There are higher risk areas for bruising, such as around the eye (tear trough filler) and the lips. These areas are quite vascular and more often than not, a patient will bruise. Cheeks seem to be a lower risk area, but we can never 100% be sure you won’t, as the face is full of blood vessels. In particular areas of the face, your practitioner may use what we call a “cannula”. This is a long, blunt-tip needle. It is often used with one entry point per side of the face with a sharp needle. So even though the cannula reduces the risk of piercing through vessels, there is also a risk with the introducer needle of bleeding and bruising.
To minimise the risk of bleeding and bruising, I recommend my patients to stop taking blood-thinning medications, if NOT under the direct care and prescription of their GP, 2 weeks before having filler. You may also wish to purchase Arnica cream, or tablets, which is healing and brings bruising out quickly. It is up to you, to make the decision, if you think Arnica will help. Applying ice post treatment will also cause vaso-constriction, helping the bruise to prevent bleeding into the tissue.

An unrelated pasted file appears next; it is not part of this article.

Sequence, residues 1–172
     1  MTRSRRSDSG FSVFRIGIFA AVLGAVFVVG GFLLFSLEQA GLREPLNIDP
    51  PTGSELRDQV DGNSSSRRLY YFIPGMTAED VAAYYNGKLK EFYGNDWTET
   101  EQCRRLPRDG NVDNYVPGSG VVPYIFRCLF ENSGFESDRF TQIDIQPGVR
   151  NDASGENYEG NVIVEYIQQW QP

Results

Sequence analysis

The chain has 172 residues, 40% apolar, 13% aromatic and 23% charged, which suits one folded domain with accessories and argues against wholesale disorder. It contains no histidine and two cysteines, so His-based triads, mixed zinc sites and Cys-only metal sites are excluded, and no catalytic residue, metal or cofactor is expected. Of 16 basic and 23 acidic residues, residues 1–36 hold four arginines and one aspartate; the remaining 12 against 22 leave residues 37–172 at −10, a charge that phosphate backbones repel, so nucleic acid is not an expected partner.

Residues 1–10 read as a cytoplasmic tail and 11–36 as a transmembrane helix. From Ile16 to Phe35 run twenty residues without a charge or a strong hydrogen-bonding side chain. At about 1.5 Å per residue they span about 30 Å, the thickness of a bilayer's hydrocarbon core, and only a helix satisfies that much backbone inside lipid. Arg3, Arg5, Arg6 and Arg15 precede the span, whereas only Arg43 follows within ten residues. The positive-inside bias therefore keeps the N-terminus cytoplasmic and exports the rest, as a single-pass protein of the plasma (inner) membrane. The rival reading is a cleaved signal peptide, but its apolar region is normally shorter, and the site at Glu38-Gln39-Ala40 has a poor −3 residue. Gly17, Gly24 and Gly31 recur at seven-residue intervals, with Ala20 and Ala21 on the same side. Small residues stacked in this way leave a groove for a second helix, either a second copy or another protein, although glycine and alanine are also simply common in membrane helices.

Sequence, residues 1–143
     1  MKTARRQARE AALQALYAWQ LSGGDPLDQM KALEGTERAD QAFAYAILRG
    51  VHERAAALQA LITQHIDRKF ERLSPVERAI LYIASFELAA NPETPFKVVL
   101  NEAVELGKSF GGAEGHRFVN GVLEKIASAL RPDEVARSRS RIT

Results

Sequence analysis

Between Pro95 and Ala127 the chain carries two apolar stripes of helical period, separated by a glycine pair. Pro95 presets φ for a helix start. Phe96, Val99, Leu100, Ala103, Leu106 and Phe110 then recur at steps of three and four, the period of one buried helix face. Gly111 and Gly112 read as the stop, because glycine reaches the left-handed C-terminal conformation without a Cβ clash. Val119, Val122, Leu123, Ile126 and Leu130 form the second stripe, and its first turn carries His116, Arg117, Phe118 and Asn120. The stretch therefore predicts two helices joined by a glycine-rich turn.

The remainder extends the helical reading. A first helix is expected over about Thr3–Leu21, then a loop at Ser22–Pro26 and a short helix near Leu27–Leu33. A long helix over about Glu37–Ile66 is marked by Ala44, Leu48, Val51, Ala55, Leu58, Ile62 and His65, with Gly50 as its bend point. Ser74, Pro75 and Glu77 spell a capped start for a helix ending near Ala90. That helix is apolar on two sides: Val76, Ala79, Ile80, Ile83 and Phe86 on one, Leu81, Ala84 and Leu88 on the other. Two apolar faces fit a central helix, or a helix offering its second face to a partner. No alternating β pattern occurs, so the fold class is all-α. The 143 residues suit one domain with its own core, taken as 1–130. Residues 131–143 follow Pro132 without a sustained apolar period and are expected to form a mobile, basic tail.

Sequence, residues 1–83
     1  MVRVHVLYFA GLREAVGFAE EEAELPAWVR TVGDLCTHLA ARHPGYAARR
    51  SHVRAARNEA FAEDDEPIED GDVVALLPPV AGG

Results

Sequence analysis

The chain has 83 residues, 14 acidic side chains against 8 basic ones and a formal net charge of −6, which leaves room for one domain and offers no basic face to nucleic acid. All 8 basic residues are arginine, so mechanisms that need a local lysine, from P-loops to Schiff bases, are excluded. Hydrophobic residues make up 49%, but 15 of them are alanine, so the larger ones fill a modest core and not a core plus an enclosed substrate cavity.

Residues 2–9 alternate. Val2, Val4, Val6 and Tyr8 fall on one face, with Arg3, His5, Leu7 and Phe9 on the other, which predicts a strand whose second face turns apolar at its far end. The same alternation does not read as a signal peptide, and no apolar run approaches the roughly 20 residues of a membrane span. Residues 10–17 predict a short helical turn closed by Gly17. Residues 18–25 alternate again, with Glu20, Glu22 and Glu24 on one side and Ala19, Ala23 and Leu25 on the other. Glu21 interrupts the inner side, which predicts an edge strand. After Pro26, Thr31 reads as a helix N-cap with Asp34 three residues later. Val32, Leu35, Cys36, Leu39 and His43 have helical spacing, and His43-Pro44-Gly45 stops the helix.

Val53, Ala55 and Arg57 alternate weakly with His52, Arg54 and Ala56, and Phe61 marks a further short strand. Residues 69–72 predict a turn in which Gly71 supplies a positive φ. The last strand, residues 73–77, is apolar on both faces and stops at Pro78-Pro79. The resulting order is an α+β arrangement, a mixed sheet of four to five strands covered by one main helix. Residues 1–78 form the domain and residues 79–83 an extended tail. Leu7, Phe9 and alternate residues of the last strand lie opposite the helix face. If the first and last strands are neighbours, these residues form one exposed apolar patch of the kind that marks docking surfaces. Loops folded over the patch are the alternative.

With regards to to how long the bruise will last – everyone is different. You might not bruise at all, you might bruise a little, or you might bruise badly. Generally, a bruise will last around 3-5 days, but we allow 2 weeks for bruising and swelling post filler and not to have treatment within 1 month of a special event, due to this risk.